READ THIS: Tips And Tricks for Backpacking with Dogs
Instead of carrying two bags, I sometimes plan how I'm going to pack everything. I take my doggy backpack and make sure there's enough room for some groceries or a few things I'll need when outside. I'll sneak in a few snacks for the walk (as long as they don't smell too enticing to my pup) and I'm good to go!
When it comes to choices for the “world's greatest dog backpack carrier,” there's no shortage of that as well. Need a doggy carrier with plenty of small pockets? They have that here. Don't like having a dog on the back and want her in the front? Here's a backpack for that.
If you're not big on walking a lot when you don't have to, a backpack may not be necessary for you. However, there are many other reasons why pet parents choose to get one of these for themselves.
Dog owners who like to run with their dogs, or love cycling with dogs, may want to consider getting a pet backpack carrier as well if hands-free dog leashes aren't an option. The same applies to hiking with dogs, backpacking, camping, hitchhiking, and so on. I've seen tons of recreational (not professional) cyclists with canines on their back here in Los Angeles, but it may be just a California thing.
Top Dog Tips even published a few news pieces on more companies manufacturing new designs of these dog backpack carriers. Here are a few articles I found:
- Doggy Backpacks Are Great for Long Walks and Hikes
- You’ll Want This Dog Backpack for Weekend Hikes and Overnight Trips
Where to Find the Best Dog Backpack Carriers?
Since this “fashion statement” is becoming more prevalent among dog owners (and why wouldn't it, with dog strollers taking over dog parks nowadays), the choices are abundant almost anywhere and in every pet store and from online retailers.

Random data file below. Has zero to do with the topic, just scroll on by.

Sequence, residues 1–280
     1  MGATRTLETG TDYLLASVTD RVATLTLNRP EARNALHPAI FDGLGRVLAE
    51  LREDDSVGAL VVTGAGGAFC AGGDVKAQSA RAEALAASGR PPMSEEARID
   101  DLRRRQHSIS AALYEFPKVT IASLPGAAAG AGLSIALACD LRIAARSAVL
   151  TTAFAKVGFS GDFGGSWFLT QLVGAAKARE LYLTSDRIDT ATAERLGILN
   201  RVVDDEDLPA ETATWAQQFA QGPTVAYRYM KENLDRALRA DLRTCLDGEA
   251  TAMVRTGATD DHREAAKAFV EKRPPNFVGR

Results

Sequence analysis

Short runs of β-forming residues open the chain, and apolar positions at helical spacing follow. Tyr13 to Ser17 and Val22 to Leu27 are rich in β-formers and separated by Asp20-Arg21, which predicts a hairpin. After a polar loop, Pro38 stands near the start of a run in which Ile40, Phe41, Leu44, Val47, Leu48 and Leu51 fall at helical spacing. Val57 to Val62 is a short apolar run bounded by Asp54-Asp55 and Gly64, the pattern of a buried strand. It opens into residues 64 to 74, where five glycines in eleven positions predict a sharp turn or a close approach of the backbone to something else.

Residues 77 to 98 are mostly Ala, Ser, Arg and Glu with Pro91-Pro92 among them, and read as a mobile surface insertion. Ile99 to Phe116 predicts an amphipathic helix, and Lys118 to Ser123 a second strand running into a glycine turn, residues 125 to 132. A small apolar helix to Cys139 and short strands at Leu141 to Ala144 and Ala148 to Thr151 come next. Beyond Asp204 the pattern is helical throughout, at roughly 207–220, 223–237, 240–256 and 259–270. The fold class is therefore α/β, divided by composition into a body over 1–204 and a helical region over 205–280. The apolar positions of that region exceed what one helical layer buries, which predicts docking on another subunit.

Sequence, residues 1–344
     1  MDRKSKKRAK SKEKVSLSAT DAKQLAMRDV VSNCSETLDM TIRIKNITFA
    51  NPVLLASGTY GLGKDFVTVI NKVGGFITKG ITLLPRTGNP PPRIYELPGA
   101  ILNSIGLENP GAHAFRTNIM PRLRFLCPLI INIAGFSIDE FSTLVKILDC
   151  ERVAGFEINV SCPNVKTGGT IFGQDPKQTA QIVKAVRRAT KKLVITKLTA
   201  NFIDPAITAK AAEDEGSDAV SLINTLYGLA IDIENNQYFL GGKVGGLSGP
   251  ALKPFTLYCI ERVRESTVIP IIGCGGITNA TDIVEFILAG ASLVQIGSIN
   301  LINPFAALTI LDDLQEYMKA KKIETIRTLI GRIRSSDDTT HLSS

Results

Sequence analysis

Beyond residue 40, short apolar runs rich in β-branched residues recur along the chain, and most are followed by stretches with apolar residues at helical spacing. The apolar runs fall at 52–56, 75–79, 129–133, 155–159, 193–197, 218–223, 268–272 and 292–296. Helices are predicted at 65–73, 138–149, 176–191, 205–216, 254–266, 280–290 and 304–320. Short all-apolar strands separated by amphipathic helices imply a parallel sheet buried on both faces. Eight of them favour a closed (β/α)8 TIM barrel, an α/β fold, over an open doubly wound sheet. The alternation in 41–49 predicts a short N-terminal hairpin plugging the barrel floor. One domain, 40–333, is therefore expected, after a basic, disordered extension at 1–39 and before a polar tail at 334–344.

I myself bought all of my backpacks for dogs from Amazon, which usually has the best price. You can find a list of their best dog backpacks here.
However, there's plenty of selections on other dog supplies websites and most likely in your local pet store since it's now a fairly popular dog product. Here are a few links to online stores where you can check some other options:
- An abundance of choices on eBay
- Bespoke carriers from Ruffit
- PetSmart's selection of doggy backpacks
- Chewy's carriers for dogs
- Heavy-duty carriers for travelers
I would recommend buying one of the cheapest dog backpacks first so you can try and see if carrying your dog on your back is for you. For some, it may be a hassle and they'd rather keep their pets on a leash when walking outside. Also, depending on how heavy your dog is, and how athletic you are, this may or may not be a strain on your back, which is also an important consideration.
Overall, I would definitely say that having a dog backpack carrier will be convenient for the majority of dog owners whose pets can actually fit in them and aren't too heavy. Even if you're not using your carrier on a daily basis, there will be times when you'd think that you wish to have your pooch with you, but you cannot or would not “drag” her by the leash.